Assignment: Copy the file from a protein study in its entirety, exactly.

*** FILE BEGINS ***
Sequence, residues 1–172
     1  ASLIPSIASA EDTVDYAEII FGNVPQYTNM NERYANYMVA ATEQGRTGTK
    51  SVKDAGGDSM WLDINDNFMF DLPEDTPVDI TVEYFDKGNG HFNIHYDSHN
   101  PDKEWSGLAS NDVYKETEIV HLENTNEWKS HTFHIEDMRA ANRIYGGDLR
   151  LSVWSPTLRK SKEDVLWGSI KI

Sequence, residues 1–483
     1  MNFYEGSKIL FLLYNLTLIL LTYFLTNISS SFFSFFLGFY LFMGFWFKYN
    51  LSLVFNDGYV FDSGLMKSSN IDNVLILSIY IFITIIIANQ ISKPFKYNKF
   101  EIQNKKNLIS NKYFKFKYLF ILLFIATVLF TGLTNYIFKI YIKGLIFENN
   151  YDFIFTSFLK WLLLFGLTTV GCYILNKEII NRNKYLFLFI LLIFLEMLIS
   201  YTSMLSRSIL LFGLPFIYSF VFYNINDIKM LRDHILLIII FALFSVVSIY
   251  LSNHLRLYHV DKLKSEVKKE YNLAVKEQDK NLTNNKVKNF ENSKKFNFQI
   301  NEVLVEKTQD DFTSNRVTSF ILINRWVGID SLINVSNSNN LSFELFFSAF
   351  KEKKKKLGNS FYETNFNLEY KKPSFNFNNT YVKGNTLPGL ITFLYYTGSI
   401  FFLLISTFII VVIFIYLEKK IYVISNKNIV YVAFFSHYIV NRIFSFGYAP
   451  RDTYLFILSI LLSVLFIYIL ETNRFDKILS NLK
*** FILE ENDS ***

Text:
Sequence, residues 1–172
     1  ASLIPSIASA EDTVDYAEII FGNVPQYTNM NERYANYMVA ATEQGRTGTK
    51  SVKDAGGDSM WLDINDNFMF DLPEDTPVDI TVEYFDKGNG HFNIHYDSHN
   101  PDKEWSGLAS NDVYKETEIV HLENTNEWKS HTFHIEDMRA ANRIYGGDLR
   151  LSVWSPTLRK SKEDVLWGSI KI

Sequence, residues 1–483
     1  MNFYEGSKIL FLLYNLTLIL LTYFLTNISS SFFSFFLGFY LFMGFWFKYN
    51  LSLVFNDGYV FDSGLMKSSN IDNVLILSIY IFITIIIANQ ISKPFKYNKF
   101  EIQNKKNLIS NKYFKFKYLF ILLFIATVLF TGLTNYIFKI YIKGLIFENN
   151  YDFIFTSFLK WLLLFGLTTV GCYILNKEII NRNKYLFLFI LLIFLEMLIS
   201  YTSMLSRSIL LFGLPFIYSF VFYNINDIKM LRDHILLIII FALFSVVSIY
   251  LSNHLRLYHV DKLKSEVKKE YNLAVKEQDK NLTNNKVKNF ENSKKFNFQI
   301  NEVLVEKTQD DFTSNRVTSF ILINRWVGID SLINVSNSNN LSFELFFSAF
   351  KEKKKKLGNS FYETNFNLEY KKPSFNFNNT YVKGNTLPGL ITFLYYTGSI
   401  FFLLISTFII VVIFIYLEKK IYVISNKNIV YVAFFSHYIV NRIFSFGYAP
   451  RDTYLFILSI LLSVLFIYIL ETNRFDKILS NLK